This week’s blog is a little bit different. It doesn’t describe our process improvement work, or an industry development. Instead we’re going to talk about art! Specifically, we’ll look at aluminium sculpture. Over to you Colin…
Earlier this year I passed through St Pancras train station in London on an unscheduled (thank you Easyjet) Eurostar trip back to the UK. Whilst there, a shimmering propeller reflecting distorted views of the station caught my eye. This was the aluminium sculpture Thought of Train of Thought (ToToT) by the designer Ron Arad.
It came about thanks to a partnership between St Pancras with the Royal Academy. Arad chose to create a calming installation of hypnotic movement in one of London’s busiest locations. It certainly took my mind off the cancelled flights and holiday insurance for a few minutes. Furthermore, the twirling reflections transfixed me and, just managing to avoid an inconveniently paced litter bin, I started to think about what had gone into creating ToToT.
Knowing a thing or two about aluminium probably gave me a head start. First of all ToToT is 18 metres long which is quite some size. However, movement makes it appear feather light. The structure is actually rib-reinforced, and it was made by a firm of former ship builders. The surface consists of aluminium sheets welded together and then polished to a mirror-like reflectivity.
If you haven’t had a chance to visit St Pancras, you can view the effect on the Royal Academy’s website.
The reflective properties of aluminium will be well known to viewers of Channel 4’s Grand Designs. This programme often features light pipes as a means of providing light to rooms or spaces. Light pipes are large tubes that collect sunlight from outside. They then deliver it in an unadulterated form to rooms and hallways that don’t have any windows.
The theoretical limit on the efficiency by which aluminium can reflect light is about 92%. This is for the purest, smoothest form of the metal. However, to get up to the near 100% total reflectance found in the best light pipes, the producers apply nano layers of silver and silicon oxides.
At Innoval we use the change in total reflectance as a surface gets cleaner to measure the industrial cleaning process in aluminium plants. This is important for our customers who produce aluminium sheet for automotive applications. The cleanliness of the surface is critical to maintain the bonded strength of an aluminium structure. Furthermore, it enables the paint to look smooth and corrosion free over the vehicle’s lifetime.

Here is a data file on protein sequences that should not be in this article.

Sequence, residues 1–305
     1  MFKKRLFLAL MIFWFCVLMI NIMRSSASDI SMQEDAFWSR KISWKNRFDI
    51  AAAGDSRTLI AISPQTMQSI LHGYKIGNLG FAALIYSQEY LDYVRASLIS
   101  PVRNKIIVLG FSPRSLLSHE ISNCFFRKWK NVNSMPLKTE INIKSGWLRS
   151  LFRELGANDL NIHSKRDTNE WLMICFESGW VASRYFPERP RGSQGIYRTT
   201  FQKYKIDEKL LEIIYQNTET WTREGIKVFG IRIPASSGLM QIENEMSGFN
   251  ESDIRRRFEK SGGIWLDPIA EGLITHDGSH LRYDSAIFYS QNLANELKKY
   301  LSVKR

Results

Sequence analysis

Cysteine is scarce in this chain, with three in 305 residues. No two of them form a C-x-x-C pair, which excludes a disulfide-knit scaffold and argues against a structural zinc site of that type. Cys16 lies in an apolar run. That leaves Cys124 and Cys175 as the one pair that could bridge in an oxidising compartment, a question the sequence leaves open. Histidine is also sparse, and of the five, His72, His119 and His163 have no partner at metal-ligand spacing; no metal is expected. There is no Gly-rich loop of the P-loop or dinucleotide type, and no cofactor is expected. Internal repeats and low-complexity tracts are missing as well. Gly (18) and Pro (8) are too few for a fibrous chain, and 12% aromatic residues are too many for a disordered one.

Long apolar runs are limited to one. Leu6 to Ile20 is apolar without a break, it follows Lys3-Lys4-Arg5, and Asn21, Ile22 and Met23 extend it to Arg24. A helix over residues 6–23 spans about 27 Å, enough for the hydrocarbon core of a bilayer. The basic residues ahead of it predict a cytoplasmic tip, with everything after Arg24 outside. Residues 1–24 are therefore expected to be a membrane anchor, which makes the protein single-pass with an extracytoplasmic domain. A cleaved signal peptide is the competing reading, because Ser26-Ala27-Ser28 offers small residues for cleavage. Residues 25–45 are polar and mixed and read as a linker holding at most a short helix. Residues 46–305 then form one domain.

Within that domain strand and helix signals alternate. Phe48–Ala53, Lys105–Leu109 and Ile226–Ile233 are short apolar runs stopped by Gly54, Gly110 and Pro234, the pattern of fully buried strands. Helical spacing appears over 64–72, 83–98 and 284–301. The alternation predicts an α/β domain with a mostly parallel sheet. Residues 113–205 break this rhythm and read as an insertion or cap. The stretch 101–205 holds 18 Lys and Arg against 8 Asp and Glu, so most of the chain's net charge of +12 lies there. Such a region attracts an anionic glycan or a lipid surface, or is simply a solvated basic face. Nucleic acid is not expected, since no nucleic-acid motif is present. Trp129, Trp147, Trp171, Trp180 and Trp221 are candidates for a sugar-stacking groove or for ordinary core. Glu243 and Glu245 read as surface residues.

Getting back to aluminium sculptures, I can’t be alone in having the statue of Eros in Piccadilly, London, as the first memory of aluminium taught at school. “Unlike steel…” I can hear Mr Harris, my O level (that’s GCSE to anyone under 40) chemistry teacher say “…aluminium doesn’t rust”.
Looking back now I feel short changed by the Welsh Joint Education Committee’s curriculum. Of course, like Newtonian mechanics and evolutionary biology, there turned out to be a lot more to aluminium corrosion than the simple observation than it wasn’t the same as iron.
Some of my Innoval colleagues, who allegedly started their careers in aluminium just after Eros was erected in 1893, could have advised that siting the sculpture in an area badly affected by acidic fumes from urban life would have caused problems.
The protective layer of oxide that sits on the aluminium surface dissolves in acid. This is another fact used to great effect in the production of aluminium sheet. Acidic chemical etches clean millions of square metres of aluminium for end uses like beverage cans, caravans, printing plates and automotive sheet. However, this cleaning can also be accomplished with alkali solutions.
One of the attractions for using aluminium in the sculpture of Eros was its higher strength to weight ratio compared to bronze. As a result, the figure manages to balance on a very slender ankle while maintaining an extended arabesque.